• 46. Common Mistake # 10  LR is a mere reporting of past studies – no critical appraisal and/or synthesis.  Theoretical underpinnings missing from LR.
  • 47. What is „Research Methodology?
  • 48. Methodology/ Methods & Materials  Are the procedures, design & instruments employed to gather the data described with sufficient clarity to permit another researcher to replicate the study?  Is the population described fully? Did the researcher use the total population, or was there a sample used? If a sample is used, is it representative of the population from which it was selected?
  • 49. Methodology/ Methods & Materials  Is evidence presented about the validity & reliability of the scores?  Was a pretest used? Was there a pilot study?  Are there any obvious weakness in the overall design of the study?
  • 50. Use Methods That Allow Direct Investigation of the Research  Method used must fit the question posed.  The link between question & method used must be clearly explained & justified.  Scientific claims are strengthened when they are tested by multiple methods.  Different methods should be used in different parts of a series of related studies.
  • 51. Common Mistake #11  Wrong methodology.  Too many instruments used  Each research instruments not mentioned in detail.  Failure to discuss reliability & validity (esp. in qualitative approach)
  • 52. Common Mistake #12  Instrument not piloted.  Construct in instrument not validated.  Problem with scale used in the instrument (eg. Not equal in measurement)  Construct not measuring what it is supposed to measure.
  • 53. Provide a Coherent & Explicit Chain of Reasoning  A logical chain of reasoning is important.  Validity of inferences is strengthened by identifying limitations & biases.  Detailed descriptions of procedures and analyses are crucial.
  • 54. WRITING THE THESIS  Practice progressive writing – always update your literature review. CM#13 – LR not update.  Change the tense from future tense to past tense & change sections from the proposal to sections for the thesis. CM#14 – still using future tense.  Print each draft of your thesis on a different colour paper – so that you can keep track of the latest version. CM#15 – submitted the wrong version.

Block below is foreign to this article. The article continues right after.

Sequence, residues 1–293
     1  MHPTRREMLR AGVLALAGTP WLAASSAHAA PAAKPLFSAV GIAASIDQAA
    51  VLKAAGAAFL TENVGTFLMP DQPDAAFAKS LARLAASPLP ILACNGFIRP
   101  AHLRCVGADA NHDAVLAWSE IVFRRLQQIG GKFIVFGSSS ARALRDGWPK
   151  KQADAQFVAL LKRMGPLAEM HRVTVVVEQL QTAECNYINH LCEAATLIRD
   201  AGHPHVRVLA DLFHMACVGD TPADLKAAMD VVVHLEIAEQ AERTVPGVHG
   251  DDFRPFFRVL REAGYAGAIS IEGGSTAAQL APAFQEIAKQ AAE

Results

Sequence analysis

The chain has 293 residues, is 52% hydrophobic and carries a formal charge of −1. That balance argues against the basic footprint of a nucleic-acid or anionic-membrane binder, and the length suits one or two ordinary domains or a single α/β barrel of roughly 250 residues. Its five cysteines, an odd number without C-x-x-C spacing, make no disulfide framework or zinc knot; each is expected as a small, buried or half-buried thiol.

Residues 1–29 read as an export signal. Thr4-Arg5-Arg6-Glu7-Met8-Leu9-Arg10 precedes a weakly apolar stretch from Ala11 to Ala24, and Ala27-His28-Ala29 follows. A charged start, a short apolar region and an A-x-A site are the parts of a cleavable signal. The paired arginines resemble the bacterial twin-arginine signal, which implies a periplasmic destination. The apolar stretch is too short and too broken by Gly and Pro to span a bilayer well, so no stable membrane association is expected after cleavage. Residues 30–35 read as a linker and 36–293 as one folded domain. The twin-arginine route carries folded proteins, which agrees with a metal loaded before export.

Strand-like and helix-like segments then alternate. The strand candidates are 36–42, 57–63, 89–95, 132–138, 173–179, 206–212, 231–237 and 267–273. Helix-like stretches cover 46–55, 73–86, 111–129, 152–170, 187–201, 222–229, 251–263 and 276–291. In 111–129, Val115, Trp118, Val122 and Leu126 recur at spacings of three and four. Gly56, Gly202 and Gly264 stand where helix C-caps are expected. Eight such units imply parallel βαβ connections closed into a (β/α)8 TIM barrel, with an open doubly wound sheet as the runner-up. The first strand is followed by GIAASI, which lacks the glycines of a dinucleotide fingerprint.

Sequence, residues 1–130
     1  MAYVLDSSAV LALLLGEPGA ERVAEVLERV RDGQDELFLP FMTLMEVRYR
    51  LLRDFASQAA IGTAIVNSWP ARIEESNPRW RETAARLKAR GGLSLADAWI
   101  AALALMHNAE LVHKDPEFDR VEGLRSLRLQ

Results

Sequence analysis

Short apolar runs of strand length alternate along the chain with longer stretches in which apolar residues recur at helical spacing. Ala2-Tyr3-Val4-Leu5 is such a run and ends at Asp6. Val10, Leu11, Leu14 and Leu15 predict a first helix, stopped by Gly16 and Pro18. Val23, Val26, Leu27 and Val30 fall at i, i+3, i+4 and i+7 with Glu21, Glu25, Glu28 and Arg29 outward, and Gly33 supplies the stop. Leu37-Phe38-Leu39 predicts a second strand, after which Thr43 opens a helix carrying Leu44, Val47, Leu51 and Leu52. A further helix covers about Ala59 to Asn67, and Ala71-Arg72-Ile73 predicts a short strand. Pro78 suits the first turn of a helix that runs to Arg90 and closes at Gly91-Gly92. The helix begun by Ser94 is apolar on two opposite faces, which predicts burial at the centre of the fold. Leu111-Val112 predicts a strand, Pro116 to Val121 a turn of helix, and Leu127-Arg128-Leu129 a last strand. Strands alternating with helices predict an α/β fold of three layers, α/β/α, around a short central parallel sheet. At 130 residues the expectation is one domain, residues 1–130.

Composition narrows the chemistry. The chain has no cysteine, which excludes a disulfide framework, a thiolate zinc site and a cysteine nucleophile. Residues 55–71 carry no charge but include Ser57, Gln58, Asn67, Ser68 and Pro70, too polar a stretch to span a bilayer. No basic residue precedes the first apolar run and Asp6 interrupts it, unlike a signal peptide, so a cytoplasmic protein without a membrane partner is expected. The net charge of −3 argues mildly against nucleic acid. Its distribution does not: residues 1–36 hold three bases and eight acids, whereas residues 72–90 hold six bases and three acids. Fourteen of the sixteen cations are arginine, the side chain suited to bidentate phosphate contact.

• 55. WRITING THE THESIS  Thesis writing should be clear and unambiguous - avoid complex & dangling sentences. CM#16 – sentence too complex & dangling.  Review 2 or 3 well organized & presented thesis – use them as a model .  Make sure you INTRODUCE the table or graph in your text. CM#17 – table/graph not introduced.
  • 56. An Excellent Thesis
  • 57. TITLE  A very condensed summary of your work.  Must contain key constructs/variables/words. CM#18 – title missing main constructs.  Avoid using a general title. CM#19 – Title too general or too inclusive.  Consider the need to be location/sample specific.  Avoid the unnecessary (eg. An Investigation …/A Study) CM#20 – use of redundant/unnecessary words.
  • 58. What are the main components of an abstract?
  • 59. Common Mistake #21  Abstract did not include description of methodology.  Population, sample & sampling technique not explain in the abstract.  Data analysis procedure(s) missing from abstract.  Main findings presented in a very general manner.
  • 60. ABSTRACT  Why you did the work (purposes/objectives)  How you did the work (research methods – including population, sample, sampling techniques, instrumentations & data analyses).  What your main findings/results were.  What your principal conclusions were.  Why does it matter (point out at least 1 significant implication).
  • 61. CHAPTERS  Deal with the „steps‟ required to deal with the overall problem.  Consider the relevance of each Chapter to the development of your thesis argument.
  • 62. INTRODUCTION/OVERVIEW  Background information to allow reader to understand the context & significance of the questions you are trying to address.  Explain the scope of your work – what will and will not be included.  A general „road map‟ guiding the reader to what lies ahead.